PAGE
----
why and how firewall respond to ip addresses other ips other then the outside ips of the interface

Posted on 2014-08-07
Last Modified: 2014-08-10
got a ASA 5505
let's say ISP have provided ips to use it on outside interface
just want understand why and how firewall respond to ip addresses other ips other then the outside ips of the interface

firewall --- >e0- (outside)
firewall ---> (inside)
what and how firewall will respond to other ips in the same subnet , what config i need to make on the firewall
I want firewall to respond to to pings

Please can you help
Question by:mohannitin
    LVL 8

    Expert Comment


    Author Comment

    i want firewall to respond to different ip then the outside interface ip which i want to nat it to internal ip lets say switch
    LVL 3

    Accepted Solution

    You want to add NAT registries to the outside interface:

    object network NatedServer
    host INTERNAL_IP
    nat (inside,outside) static service tcp INTERNAL_PORT EXTERNAL_PORT

    Open in new window being the IP you've mentioned

    Author Comment

    do i need to updated /add any access -list ?

    Author Comment

    whats the process
    firewall outside interface receive the packet from isp for
    firewall should drop the packet as it is not configured anywhere on the firewall ?
    also there is not route for it
    does it check the nat rule before responding the ISP ?
    LVL 3

    Assisted Solution

    The ASA receives the packet from the ISP to the destination. If you don't have the nat rule, the ASA discards the packet. otherwise it will send it to the internal address defined by your nat rule, such as 10.252.15.X

    The ASA processing order is:

    1. Packet is reached at the ingress interface.

    2. Once the packet reaches the internal buffer of the interface, the input counter of the interface is incremented by one.

    3. Cisco ASA will first verify if this is an existing connection by looking at its internal connection table details. If the packet flow matches an existing connection, then the access-control list (ACL) check is bypassed, and the packet is moved forward.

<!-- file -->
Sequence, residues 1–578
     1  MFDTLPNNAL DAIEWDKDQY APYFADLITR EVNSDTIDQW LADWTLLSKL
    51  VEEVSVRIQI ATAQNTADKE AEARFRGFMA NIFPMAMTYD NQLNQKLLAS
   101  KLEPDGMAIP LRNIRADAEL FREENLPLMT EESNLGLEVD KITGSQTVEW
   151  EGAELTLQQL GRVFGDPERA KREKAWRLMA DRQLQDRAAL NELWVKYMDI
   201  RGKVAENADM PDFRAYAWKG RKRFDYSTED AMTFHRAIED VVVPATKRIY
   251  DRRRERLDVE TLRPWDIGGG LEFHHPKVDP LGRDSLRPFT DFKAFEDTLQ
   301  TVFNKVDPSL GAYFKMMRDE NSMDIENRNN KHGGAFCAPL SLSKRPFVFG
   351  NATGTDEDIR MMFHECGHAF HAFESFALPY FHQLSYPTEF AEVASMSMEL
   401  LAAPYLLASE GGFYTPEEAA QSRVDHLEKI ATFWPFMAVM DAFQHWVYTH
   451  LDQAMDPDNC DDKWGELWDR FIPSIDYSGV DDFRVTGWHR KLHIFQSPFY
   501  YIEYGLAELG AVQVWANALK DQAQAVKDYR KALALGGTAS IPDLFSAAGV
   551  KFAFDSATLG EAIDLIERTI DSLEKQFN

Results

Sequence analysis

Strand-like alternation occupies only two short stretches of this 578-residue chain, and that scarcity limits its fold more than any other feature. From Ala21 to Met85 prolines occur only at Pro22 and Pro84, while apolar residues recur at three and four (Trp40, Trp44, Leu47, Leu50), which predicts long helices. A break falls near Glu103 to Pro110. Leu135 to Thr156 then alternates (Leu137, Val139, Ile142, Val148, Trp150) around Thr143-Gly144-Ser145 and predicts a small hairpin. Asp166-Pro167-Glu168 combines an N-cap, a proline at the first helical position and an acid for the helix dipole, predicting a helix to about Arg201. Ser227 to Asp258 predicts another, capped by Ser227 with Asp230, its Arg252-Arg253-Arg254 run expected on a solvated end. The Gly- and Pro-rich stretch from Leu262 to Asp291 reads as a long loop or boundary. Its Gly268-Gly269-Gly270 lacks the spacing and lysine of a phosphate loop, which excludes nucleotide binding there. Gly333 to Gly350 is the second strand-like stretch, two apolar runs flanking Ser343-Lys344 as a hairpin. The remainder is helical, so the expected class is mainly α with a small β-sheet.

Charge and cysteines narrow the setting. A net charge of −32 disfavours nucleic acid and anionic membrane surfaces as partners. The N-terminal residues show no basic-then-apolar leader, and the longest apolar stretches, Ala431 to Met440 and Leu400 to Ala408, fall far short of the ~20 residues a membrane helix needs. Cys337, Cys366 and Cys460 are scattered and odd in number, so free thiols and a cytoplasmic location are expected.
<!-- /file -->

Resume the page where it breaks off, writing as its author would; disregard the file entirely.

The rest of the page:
If packet flow does not match an existing connection, then TCP state is verified. If it is a SYN packet or UDP packet, then the connection counter is incremented by one and the packet is sent for an ACL check. If it is not a SYN packet, the packet is dropped and the event is logged.

    4. The packet is processed as per the interface ACLs. It is verified in sequential order of the ACL entries and if it matches any of the ACL entries, it moves forward. Otherwise, the packet is dropped and the information is logged. The ACL hit count will be incremented by one when the packet matches the ACL entry.

    5. The packet is verified for the translation rules. If a packet passes through this check, then a connection entry is created for this flow, and the packet moves forward. Otherwise, the packet is dropped and the information is logged.

    6. The packet is subjected to an Inspection Check. This inspection verifies whether or not this specific packet flow is in compliance with the protocol. Cisco ASA has a built-in inspection engine that inspects each connection as per its pre-defined set of application-level functionalities. If it passed the inspection, it is moved forward. Otherwise, the packet is dropped and the information is logged.
    Additional Security-Checks will be implemented if a CSC module is involved.

    7. The IP header information is translated as per the NAT/PAT rule and checksums are updated accordingly. The packet is forwarded to AIP-SSM for IPS related security checks, when the AIP module is involved.

    8. The packet is forwarded to the egress interface based on the translation rules. If no egress interface is specified in the translation rule, then the destination interface is decided based on global route lookup.

    9. On the egress interface, the interface route lookup is performed. Remember, the egress interface is determined by the translation rule that will take the priority.

    10. Once a Layer 3 route has been found and the next hop identified, Layer 2 resolution is performed. Layer 2 rewrite of MAC header happens at this stage.

    11. The packet is transmitted on wire, and Interface counters increment on the egress interface.

    Author Closing Comment

    thanks man

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